Share This Post
Love It or Leave It: Work-from-Home Scenarios
In March 2020, Ontario announced an economic shutdown due to the COVID pandemic and encouraged (and in many cases mandated) remote work. As a result, companies and workers alike used technology and ingenuity to adjust to the new way of getting things done. Many workers were amazed to discover they could perform their jobs at home; moreover, companies reported little loss, in some cases even gains, in productivity.
Long-term implications of work-from-home (WFH) — or “telecommuting” —are unknown. Some people love WFH; others can’t wait to get back to the office. But in many cases, it’s not a binary choice of home vs. office. Some companies have adopted hybrid arrangements. In other workplaces, WFH arrangements are negotiable.
If You’re Thinking About Requesting a WFH Arrangement, Here Are Some Things to Consider
Thanks to virtual meeting technology and other ways co-workers connect via Wi-Fi, many people feel more productive working at home than in the office. When offices were closed during the COVID lockdowns and workers were told to stay home, many employees found their productivity remained as high or even higher. This was especially true for workers energized by a break from long, stressful commutes and able to create a distraction-free home office. Work provided a sense of structure and normalcy — a refuge from the unreal COVID-imperilled world. With no place to go and all activities outside the home considered potentially dangerous, it was relatively easy to focus on work.
In recent months people have returned to restaurants, pubs, gyms, salons and spas, theatres, and shopping malls. Parties and weddings are taking place, too. Schools and universities have resumed in-person classes. Work is no longer a refuge.
Some people are naturally more suited to WFH; others thrive in a bustling work environment and find it hard to establish boundaries in the home office environment. People considering a WFH arrangement need to assess their ability to remain productive when social and family distractions reappear.
Work and family balance
The pandemic had a myriad of positive and negative effects on family life. With children back in school and daycare centers reopened, pandemic-related problems will disappear, but the stress of active family life will remain. Parenting roles and relationships will once again require a delicate balancing act.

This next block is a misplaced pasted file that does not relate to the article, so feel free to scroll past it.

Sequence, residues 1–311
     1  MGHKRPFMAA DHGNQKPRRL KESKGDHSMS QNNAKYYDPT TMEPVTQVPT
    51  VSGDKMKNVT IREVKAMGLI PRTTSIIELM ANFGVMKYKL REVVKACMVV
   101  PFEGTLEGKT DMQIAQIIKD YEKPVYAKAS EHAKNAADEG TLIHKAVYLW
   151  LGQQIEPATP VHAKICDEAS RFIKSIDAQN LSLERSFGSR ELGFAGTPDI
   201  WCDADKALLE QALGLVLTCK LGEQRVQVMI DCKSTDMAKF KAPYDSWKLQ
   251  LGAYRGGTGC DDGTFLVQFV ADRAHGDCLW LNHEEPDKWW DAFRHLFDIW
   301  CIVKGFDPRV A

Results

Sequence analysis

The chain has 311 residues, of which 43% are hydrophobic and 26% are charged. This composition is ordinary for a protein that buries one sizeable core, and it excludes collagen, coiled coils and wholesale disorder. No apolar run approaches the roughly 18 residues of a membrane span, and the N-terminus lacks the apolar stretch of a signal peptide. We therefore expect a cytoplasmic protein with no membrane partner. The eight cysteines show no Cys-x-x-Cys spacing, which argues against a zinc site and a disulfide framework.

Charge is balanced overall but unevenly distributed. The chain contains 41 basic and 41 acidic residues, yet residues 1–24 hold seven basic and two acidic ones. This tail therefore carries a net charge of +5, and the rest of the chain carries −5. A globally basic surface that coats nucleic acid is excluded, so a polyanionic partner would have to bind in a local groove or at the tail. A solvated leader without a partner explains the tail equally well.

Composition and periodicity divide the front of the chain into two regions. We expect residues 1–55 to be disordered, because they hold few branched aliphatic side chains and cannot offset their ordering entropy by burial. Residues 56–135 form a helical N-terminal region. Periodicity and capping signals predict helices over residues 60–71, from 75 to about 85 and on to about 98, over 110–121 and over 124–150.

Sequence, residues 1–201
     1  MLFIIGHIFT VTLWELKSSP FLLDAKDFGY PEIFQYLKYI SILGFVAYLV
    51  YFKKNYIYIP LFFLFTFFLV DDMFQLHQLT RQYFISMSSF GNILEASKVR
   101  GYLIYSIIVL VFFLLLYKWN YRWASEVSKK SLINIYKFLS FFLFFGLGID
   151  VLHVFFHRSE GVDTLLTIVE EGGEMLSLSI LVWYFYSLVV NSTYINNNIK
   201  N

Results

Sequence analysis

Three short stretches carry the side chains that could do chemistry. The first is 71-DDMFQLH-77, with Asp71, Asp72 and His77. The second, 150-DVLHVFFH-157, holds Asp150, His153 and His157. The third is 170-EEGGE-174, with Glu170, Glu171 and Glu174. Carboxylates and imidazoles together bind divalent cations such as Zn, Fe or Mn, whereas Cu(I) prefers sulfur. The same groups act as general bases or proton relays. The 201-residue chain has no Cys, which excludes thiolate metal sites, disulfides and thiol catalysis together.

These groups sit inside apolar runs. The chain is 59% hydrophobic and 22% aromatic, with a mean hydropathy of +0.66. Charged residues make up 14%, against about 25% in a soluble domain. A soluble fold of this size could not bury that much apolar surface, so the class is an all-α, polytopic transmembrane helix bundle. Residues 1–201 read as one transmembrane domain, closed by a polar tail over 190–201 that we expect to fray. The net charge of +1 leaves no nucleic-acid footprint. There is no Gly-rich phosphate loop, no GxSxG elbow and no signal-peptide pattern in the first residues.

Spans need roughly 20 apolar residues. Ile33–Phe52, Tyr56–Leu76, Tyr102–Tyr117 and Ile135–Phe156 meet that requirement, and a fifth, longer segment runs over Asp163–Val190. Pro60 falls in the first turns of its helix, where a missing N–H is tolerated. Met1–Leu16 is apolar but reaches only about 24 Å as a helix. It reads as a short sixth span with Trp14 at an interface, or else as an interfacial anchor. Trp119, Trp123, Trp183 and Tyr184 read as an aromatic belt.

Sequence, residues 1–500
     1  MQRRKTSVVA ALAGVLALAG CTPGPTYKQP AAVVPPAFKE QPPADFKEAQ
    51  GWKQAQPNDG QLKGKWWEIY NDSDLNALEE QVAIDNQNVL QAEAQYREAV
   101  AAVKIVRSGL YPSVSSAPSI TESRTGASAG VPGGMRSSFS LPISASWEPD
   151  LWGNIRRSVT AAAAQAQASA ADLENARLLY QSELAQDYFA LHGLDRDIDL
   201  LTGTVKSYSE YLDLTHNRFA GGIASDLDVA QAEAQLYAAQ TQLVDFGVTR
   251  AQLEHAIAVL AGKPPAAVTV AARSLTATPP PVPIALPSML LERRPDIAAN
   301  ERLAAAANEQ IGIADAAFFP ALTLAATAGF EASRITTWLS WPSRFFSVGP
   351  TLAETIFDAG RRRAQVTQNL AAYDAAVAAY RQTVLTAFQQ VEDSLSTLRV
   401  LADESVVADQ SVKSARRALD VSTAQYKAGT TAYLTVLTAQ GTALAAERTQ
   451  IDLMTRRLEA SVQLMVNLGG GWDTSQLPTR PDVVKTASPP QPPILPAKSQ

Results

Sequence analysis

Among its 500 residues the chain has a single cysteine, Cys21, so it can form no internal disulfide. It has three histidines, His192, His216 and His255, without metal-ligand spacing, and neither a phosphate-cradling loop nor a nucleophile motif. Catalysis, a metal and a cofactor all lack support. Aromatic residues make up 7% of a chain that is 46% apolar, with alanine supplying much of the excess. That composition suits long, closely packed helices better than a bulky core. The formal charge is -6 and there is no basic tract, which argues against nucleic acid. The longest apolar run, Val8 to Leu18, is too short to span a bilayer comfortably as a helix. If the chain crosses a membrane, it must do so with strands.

People considering WFH should consider the degree to which their work is team-oriented and the effect of hybrid arrangements on team discussions and decision-making. Does your job require frequent meetings and creative collaboration, or do you work independently? No one wants to be the only WFH person on the team, unable to participate in before and after team meeting conversations or informal cafeteria get-togethers.
Is your company’s management style top-down or collaborative? In 2013 Marissa Mayer, CEO of internet pioneer Yahoo (now Verizon Media), banned WFH. Mayer said, “Some of the best decisions and insights come from hallway and cafeteria discussions, meeting new people, and impromptu team meetings. … Speed and quality are often sacrificed when we work from home … We need to be one Yahoo!, and that starts with physically being together.”
Personal and work boundaries may already be blurred for large companies with teams spread across many time zones. In this scenario, WFH arrangements arguably promote communication among team members and contacts.
Successful professionals frequently credit their achievements to one or more persons who have offered the encouragement and guidance that helped them achieve their dreams. Mentors and mentees often become lifelong friends. Anyone considering a WFH relationship should consider how the proposed arrangement would affect an existing or potential mentor relationship.
A virtual relationship could pose a risk to moving up in the company. However, there are many ways to bring your skills and performance to the attention of managers. WFH doesn’t have to mean “out of sight/out of mind’ which could be professionally impactful(in a negative way).
Tips for Requesting WFH Arrangements
Once you’ve weighed the pros and cons and decided to request a WFH arrangement, sharpen your pencil and write down your reasons for making this choice, how you plan to remain a connected and highly productive employee, and why this would be a good deal for your employer.
Selling your plan requires putting yourself on the employer’s side of the table:
- Ask to meet in person with your manager
- Present your accomplishments as a remote worker during the pandemic, possibly in a written statement
- Be sensitive to your manager’s or the company’s resistance
- Consider proposing a “trial period” or flexible schedule to accommodate project deadlines and co-worker needs
Strive for a “win-win” agreement. Then put the terms in writing to ensure you, your manager, and the company higher-ups are all on the same page.
Consult an Experienced Employment Lawyer
Advocation lawyers practice in the field of labor and employment law. They use their in-depth knowledge, experience, and professional skills to provide exceptional counsel and representation to clients concerning workplace issues. To schedule your consultation, contact Advocation today.